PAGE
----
Oscar season is upon us, and as a cultural commentator, part of my job is to separate the wheat from the chaff. If you can sift past the blockbusters and ignore the monocultural behemoth that is Star Wars, it was a wonderful year for daring, hard-hitting dramas, and most of them have been receiving the attention they deserve.
But one film hasn’t: Sully. It’s obvious why that happened, in retrospect. It’s directed by Clint Eastwood, whose directorial efforts about the virtues of old white men have been getting diminishing returns for years now, and it stars Tom Hanks, who is no longer the box-office draw he once was. It just sounds boring to watch, a movie about another proud old man, Chesley “Sully” Sullenberger, who did exactly one interesting thing in his life: successfully crash-land a jet airliner in the Hudson River without losing a single passenger. It’s a heroic act, yes, but it sure didn’t take very long, and we’ve definitely seen this story before. And how can you possibly fill two hours with just one heroic act?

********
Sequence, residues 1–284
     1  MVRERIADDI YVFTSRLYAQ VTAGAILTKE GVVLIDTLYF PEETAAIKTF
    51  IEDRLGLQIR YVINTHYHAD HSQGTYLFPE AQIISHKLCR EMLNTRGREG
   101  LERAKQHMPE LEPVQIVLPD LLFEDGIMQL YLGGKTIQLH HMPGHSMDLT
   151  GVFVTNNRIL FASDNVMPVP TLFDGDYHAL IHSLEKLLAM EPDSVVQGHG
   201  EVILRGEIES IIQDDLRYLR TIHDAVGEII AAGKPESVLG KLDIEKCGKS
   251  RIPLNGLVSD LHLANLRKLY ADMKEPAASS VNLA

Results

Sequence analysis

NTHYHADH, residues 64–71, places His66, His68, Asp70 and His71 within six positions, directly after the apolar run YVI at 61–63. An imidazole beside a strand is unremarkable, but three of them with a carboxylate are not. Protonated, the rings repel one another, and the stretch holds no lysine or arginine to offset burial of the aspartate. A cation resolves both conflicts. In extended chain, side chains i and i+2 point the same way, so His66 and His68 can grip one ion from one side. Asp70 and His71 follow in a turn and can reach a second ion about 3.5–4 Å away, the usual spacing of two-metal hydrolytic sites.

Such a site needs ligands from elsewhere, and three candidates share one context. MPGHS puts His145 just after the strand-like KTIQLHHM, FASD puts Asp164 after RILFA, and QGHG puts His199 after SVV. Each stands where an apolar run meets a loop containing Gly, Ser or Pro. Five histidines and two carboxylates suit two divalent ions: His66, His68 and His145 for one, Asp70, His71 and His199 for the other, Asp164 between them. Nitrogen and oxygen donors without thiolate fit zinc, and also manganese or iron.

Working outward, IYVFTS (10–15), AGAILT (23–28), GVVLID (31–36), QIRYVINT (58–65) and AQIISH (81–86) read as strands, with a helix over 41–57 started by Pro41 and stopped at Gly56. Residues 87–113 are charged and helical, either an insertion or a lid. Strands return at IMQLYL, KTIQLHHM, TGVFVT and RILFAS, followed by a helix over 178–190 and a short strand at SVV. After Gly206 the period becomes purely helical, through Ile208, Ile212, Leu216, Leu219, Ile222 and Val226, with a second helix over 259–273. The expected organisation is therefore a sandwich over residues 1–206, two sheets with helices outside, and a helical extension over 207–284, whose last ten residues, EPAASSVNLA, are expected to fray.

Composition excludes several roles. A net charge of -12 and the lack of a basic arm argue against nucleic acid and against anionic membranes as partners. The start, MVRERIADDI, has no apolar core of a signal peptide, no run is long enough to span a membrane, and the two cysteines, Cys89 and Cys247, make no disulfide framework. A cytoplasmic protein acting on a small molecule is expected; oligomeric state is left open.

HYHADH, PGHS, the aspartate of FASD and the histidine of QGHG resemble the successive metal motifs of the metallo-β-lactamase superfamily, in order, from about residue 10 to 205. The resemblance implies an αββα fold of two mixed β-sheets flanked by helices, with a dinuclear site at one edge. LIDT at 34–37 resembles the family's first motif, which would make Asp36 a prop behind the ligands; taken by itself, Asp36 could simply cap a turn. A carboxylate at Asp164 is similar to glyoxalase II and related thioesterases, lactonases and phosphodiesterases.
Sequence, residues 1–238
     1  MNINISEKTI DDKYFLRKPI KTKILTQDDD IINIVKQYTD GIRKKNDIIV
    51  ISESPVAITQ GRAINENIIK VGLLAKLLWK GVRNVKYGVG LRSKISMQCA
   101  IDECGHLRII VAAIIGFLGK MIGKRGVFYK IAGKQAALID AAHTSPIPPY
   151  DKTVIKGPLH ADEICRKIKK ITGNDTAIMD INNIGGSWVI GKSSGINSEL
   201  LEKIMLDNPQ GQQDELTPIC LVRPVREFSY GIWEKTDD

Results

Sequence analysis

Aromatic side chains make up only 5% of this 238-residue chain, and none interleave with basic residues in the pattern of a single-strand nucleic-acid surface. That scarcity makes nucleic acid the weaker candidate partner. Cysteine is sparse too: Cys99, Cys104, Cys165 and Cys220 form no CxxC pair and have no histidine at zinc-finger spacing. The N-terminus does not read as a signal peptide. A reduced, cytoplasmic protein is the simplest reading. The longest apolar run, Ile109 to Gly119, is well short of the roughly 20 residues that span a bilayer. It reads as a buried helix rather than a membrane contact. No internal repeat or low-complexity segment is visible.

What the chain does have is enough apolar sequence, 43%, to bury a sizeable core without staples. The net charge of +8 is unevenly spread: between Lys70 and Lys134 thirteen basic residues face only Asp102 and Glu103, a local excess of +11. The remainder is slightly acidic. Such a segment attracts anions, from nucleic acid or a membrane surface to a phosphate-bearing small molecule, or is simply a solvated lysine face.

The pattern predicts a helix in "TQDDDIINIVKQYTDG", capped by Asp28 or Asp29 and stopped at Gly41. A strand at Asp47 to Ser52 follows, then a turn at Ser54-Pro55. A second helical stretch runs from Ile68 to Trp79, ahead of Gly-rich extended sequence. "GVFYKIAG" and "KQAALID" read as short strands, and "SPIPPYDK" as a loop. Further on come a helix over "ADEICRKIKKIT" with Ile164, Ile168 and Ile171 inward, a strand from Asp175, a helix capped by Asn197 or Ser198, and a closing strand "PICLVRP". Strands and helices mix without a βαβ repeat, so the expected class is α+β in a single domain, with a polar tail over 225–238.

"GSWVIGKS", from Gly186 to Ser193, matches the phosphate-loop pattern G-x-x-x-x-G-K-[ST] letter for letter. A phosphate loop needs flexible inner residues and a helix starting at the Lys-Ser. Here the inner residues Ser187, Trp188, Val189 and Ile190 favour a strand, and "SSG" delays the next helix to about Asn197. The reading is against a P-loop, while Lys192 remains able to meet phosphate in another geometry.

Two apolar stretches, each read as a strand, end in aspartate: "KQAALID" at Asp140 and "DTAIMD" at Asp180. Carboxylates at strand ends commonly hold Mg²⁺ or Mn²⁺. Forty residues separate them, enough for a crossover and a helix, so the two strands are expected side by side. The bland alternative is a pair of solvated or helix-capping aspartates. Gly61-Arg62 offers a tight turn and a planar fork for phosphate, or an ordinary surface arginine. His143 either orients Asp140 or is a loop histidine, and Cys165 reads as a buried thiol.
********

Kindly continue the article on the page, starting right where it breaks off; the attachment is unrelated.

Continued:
Well, the answer is simple: by having a screenplay containing the finest writing of 2016, and maybe the entire decade. Unfortunately, it might be hard to catch just how good the writing is by watching the film. You have to read the screenplay. Luckily, as someone who lives in Los Angeles, I have access to all the screenplays I can find in garbage cans outside of liquor stores in North Hollywood, so I can share key excerpts from the script. This isn’t the whole film — that would be illegal — but these are the passages that elevate it to the level of an American masterpiece, and they speak for themselves. Warning: spoilers ahead.